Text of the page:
Thursday, October 4, 2007

Customizing hypsometric shading in ArcMap

Using DEM data in ArcGIS is very easy. DEMs are commonly used to create hillshade datasets. Creating a hillshade with ArcGIS is fast and easy. Hillshade can be overlaid on top of topographic data with a black and white color ramp (with transparency) to give the illusion of relief (or depth).

The default coloring gives satisfactory results in most cases (IMHO). When terrain is the primary feature of the map hillshades are often overlaid with source DEM that has a colour ramp (other than black and white) and transparency applied. ArcMap offers a number of preset color ramps (eg 79 in the “ESRI” style) that can be selected to change the look and feel of the hillshade. From experience, I have found that the color ramps named Elevation#1 and Elevation#2 generally give the best results.

Elevation #1

Elevation #2

Selection or creation of color ramps is determined by a couple of factors. Personal preference and the need to match a particular style. For example, some prefer to use bold or vivid colors whilst others select colors that are subtle. But many times the selection of a color ramp is based solely on the need to replicate an exisiting map.

The area below is showing Rotorua and surrounding lakes. I guess most of you don’t know where this location is or characteristics of it, so here is a screenshot from ArcGIS Explorer to help you get oriented.

Rotorua is rich in vegetation, mainly forest and bush. It features many lakes but this may be a topic for another post. The elevation in the screenshot is somewhere in the range of 260 to 920 meters above sea level.

The DEM is generated from 20 meter contour lines. The elevation range is between 260 and 920 meters above sea level. Subconsciously map readers associate colours they see on the map with certain phenomena in the real world. For example, showing high mountain peaks with white means they are covered with snow and valleys shaded with green may indicate a forest or grasslands. Based on this phenomena the technique of hypsometric shading uses colors that are derived from nature.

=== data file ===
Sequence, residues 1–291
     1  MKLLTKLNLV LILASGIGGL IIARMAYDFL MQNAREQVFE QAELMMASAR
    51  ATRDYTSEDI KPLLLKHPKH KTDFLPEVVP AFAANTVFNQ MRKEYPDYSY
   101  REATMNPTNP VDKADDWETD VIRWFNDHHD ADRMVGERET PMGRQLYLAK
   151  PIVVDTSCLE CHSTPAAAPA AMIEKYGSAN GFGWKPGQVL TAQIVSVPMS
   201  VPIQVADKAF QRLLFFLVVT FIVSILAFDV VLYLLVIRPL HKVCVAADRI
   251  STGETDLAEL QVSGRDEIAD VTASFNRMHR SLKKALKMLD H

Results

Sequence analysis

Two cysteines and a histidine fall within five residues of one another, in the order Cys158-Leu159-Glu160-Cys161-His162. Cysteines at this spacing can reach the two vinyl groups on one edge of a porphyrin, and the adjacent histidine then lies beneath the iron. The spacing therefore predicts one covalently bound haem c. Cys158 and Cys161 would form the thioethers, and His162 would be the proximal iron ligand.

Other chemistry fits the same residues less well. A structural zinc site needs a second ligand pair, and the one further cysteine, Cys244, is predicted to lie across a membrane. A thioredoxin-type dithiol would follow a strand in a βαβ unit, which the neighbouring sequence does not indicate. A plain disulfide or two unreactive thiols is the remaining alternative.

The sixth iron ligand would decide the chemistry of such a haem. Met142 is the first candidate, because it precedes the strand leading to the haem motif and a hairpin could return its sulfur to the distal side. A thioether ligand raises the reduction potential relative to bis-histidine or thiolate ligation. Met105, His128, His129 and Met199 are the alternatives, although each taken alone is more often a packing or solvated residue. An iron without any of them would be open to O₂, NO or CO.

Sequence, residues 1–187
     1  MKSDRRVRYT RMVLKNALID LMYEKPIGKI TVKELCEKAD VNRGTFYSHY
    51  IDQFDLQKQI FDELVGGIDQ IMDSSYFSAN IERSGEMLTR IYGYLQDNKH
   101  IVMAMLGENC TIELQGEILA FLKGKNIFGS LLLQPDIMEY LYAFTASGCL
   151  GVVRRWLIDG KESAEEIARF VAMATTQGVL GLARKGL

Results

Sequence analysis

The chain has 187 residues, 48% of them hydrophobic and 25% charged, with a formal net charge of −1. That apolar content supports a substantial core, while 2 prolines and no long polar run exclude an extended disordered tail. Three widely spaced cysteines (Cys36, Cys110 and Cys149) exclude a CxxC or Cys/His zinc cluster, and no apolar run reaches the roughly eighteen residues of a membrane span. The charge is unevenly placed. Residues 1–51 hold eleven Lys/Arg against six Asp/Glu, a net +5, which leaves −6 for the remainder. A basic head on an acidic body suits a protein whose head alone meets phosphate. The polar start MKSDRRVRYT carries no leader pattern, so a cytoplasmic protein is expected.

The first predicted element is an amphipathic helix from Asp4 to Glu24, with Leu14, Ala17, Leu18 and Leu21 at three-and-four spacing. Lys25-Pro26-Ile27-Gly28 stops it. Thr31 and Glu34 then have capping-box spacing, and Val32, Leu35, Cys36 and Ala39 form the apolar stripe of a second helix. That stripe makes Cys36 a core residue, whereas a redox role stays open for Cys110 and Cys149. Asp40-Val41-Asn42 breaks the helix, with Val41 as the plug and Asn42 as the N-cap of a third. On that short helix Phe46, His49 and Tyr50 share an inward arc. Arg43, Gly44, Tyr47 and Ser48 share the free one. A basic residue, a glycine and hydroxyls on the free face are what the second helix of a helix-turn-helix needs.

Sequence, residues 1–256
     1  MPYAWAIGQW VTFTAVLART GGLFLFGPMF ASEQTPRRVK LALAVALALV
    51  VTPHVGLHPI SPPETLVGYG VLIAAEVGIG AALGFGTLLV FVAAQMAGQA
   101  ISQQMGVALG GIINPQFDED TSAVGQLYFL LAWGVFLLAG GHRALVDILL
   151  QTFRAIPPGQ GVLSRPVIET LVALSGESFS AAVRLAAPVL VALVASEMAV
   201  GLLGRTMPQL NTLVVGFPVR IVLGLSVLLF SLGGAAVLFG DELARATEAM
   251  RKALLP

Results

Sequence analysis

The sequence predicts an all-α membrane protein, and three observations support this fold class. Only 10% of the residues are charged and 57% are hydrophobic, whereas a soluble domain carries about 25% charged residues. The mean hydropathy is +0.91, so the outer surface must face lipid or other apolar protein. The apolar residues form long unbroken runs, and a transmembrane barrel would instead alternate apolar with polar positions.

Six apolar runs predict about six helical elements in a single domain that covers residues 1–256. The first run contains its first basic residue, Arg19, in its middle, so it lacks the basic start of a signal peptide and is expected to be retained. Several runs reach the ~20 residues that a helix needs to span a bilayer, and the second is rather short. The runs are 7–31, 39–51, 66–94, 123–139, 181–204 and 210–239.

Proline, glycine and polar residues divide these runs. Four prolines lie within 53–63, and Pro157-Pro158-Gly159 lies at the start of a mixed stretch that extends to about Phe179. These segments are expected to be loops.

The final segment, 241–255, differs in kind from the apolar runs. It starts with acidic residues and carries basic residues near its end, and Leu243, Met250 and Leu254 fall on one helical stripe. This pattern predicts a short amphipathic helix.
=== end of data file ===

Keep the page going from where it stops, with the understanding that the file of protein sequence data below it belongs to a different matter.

Let’s experiment with the map of Rotorua using different shading styles and settings. Here are defaults.

To begin, here is a map with the Elevation #1 colour ramp with a two standard deviations stretch. Below is a screenshot of the map with a 50% transparency applied to the DEM.

In many cases this would be adequate, but note the unrealistic “snow covered peaks” in the lower right and centre right corners of the map.

I know for a fact that there is no snow in these areas. To overcome this we can change the stretch setting and manipulate the minimum and maximum values. Here are some alternatives:

Elevation 1: 0 – 920 m

Elevation :1 0 -1000 m

Elevation 1: 0 -1500 m

Elevation 1: 0 - 2000 m

Elevation 1: 260 - 2000m

Let’s repeat this with second colour ramp – Elevation #2. Here we can see a lot more or orange/kaki/brown tones giving the impression that some areas are rocky and/or dry. In reality these areas are not.

Elevation 2: Default (260 - 920 m)

Elevation 2: 0 – 920 m

Elevation 2: 0 - 1000 m

Elevation 2: 0 - 1500 m

Elevation 2: 0 - 2000 m

Elevation 2: 260 - 2000 m

Are you are “dazed and confused”? Good, that was my intention. I wanted to demonstrate the possibilities and difficulties associated with hypsometric shading of terrain.

But wait, there’s more! Did you know that ArcMap has a large collection of styles, each style may contains numerous color ramps? Below I have experimented using some of these preset color ramps.

Custom colour ramp example

Lastly, if you are frustrated with the out-of-the-box color ramps then there still hope! You have the option of creating your own color ramp that best suits your needs. I will discuss creating custom color ramps another day!

No comments:

Post a Comment